With New Zealand’s borders closed and overseas travel restricted for the foreseeable future, many Kiwis will be looking to rent a holiday home for the traditional summer holiday this year.
There are plenty of options on sites such as Bachcare, Bookabach, Holiday Houses and Airbnb as well as renting a holiday house privately. Whether you own a holiday home and are looking for some extra income, or you want to rent a place for the whānau Christmas, there are a few things to remember.
You have had years of saving up for the overseas experience many New Zealanders dream of — then a pandemic hits. The London job you thought you had in the bag is no longer an option, and you and your partner are faced with extending the lease on your flat here — that you were eagerly awaiting to escape. What do you do now?
In 2020, many couples have found themselves cashing out what would have been their big OE savings stash and using it for a house deposit. Others have leapt at the banks’ lower interest rates to extend their borrowing and have bought properties that were unattainable only a year ago. All over the country, and particularly in Auckland, the property market is flooded with returning expats who are establishing roots back here — often earlier than anticipated.
As the daylight hours extend, so too does the list of summer jobs that have been building up over the past year. On that list for many will be replacing those rickety old boundary fences that surround your house. Before you rip them all down, we have a case study that clarifies why it’s so important not to rush.
John believes that his boundary fences should be rebuilt; he approaches his three neighbours to discuss this.
When New Zealand headed into Covid Level 4 in March, real estate transactions stalled because of difficulties completing essential elements of settlement, such as the legal paperwork, giving of vacant possession and the inability of moving companies to access the property. In response, a number of buyers and sellers adjusted their agreements to delay settlement until alert levels decreased.
Before you buy a property it is important that you understand exactly what you are purchasing. Your property title records (or should record) all of the interests that affect your title. That way, you are fully informed about any rights or obligations you may have – before you buy.
Water was the hot topic in the 2017 election campaign. This year, with an election coming up shortly, there seems to have been little talk of water (or much policy at all, so far) with Covid still taking up most of the news space, closely followed by scandals of various sorts.
The National Environmental Standards for Freshwater 2020 (the Freshwater NES), however, are due to be published later this year. Some parts of it will take effect 28 days after it is published while other parts won’t come into effect until the winter of 2021. This year is more than half over, and with the first half of the year being severely disrupted by the Covid lockdown and because the election is looming, there can be no certainty that the new Freshwater NES will be published this year. There is no certainty as to what form it will take, given we may not know which parties will form the government – perhaps sometime in October.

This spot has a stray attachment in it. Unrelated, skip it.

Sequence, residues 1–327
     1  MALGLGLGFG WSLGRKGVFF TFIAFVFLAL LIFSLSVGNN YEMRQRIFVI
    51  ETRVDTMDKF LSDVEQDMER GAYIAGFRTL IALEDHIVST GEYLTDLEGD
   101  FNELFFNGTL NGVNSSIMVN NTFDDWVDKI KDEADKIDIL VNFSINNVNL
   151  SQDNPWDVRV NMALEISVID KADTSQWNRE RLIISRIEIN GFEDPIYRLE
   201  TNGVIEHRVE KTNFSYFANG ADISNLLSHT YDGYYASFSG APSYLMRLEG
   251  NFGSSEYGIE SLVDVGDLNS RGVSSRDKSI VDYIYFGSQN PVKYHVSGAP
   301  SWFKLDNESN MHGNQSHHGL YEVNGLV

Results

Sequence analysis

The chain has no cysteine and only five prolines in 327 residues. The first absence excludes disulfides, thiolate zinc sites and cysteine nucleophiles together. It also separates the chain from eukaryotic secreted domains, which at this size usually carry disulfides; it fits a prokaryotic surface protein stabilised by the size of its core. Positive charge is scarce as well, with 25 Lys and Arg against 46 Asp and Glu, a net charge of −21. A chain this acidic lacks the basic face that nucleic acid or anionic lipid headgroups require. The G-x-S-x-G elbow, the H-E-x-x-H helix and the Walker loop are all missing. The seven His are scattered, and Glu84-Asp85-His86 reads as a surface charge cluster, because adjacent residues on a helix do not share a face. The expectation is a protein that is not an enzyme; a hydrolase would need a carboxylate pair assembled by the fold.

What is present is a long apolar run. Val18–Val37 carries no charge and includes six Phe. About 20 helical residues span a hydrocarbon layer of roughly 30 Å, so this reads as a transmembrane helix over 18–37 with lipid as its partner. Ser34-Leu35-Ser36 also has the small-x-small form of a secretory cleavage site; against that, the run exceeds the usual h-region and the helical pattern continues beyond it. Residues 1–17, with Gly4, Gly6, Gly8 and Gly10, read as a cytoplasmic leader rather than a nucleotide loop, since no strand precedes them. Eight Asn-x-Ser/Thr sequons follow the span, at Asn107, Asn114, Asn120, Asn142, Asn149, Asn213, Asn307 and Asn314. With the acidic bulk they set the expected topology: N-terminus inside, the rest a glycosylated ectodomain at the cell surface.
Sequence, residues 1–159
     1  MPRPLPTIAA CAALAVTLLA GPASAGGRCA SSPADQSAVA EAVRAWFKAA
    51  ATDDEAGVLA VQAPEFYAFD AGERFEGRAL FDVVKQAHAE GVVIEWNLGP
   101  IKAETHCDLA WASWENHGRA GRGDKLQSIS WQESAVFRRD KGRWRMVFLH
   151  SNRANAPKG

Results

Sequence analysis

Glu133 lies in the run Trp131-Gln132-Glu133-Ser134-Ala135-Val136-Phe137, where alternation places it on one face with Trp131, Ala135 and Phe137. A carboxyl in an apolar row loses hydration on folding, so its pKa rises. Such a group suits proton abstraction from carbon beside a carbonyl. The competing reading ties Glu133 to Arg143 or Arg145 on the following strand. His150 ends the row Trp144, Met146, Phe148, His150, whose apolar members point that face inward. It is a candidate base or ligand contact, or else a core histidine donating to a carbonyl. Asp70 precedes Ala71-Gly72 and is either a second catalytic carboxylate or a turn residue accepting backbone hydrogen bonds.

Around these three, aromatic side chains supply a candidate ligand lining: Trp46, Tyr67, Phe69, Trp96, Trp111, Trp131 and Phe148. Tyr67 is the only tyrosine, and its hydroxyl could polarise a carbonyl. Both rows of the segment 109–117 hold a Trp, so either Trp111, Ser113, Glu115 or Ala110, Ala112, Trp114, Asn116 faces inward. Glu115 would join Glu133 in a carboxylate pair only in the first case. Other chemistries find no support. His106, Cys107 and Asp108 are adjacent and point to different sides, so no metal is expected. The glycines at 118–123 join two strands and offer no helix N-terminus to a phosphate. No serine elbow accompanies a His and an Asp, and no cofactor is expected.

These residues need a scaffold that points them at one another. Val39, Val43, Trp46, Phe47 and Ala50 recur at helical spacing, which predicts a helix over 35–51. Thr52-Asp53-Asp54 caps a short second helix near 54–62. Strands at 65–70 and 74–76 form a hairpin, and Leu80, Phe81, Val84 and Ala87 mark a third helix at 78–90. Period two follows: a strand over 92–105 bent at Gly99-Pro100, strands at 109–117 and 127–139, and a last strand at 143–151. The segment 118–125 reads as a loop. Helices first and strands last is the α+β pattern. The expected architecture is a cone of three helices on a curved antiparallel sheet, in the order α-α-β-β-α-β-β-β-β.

In the Autumn edition of Rural eSpeaking we discussed the situation that Covid had caused with leases where tenants were unable to access their premises due to lockdown restrictions. Potential issues for the rural leasing sector arose from this problem, particularly given that rural leases are often in a different form to urban commercial property leases.
The article pointed out that the main lease issue due to Covid was the inability of tenants to access their premises. Since we published the Autumn edition, the government has announced that it proposes further changes to the Property Law Act 2007 where it would imply in certain leases a clause similar to that in the latest version of Auckland District Law Society (ADLS) lease, section 27.5, where a tenant has:
In response to the Covid pandemic, changes continue to be made around tenancies – both residential and commercial – as well as mortgages and lending.
Healthy homes standards compliance
To accommodate delays arising from the Covid restrictions, the deadline for landlords to provide healthy homes standards compliance statements to their new tenants has been extended by five months.
The healthy homes standards have been introduced to ensure that all rental properties have, for example, adequate heating, insulation and ventilation. As part of the first stages of these standards, you must provide any new tenants or tenants renewing their existing agreement with information on whether your property meets the healthy homes standards. This is called a healthy homes standards compliance statement. Continue reading “Property briefs”→
Due to the Covid lockdown and the ensuing impact on the country’s economy, the government has made temporary changes to the Residential Tenancies Act 1986. These changes restrict a landlord’s ability to increase the rent or to end residential tenancies. If you are a landlord, you should read on to ensure you are not inadvertently breaching this temporary law change.
Over the period 26 March 2020 until 25 September 2020, landlords cannot increase the rent for a residential tenancy. This includes any rent increases about which you have already notified to your tenant, but had not taken effect before 26 March 2020. If you try to enforce a rent increase before 25 September 2020 you will be committing an unlawful act.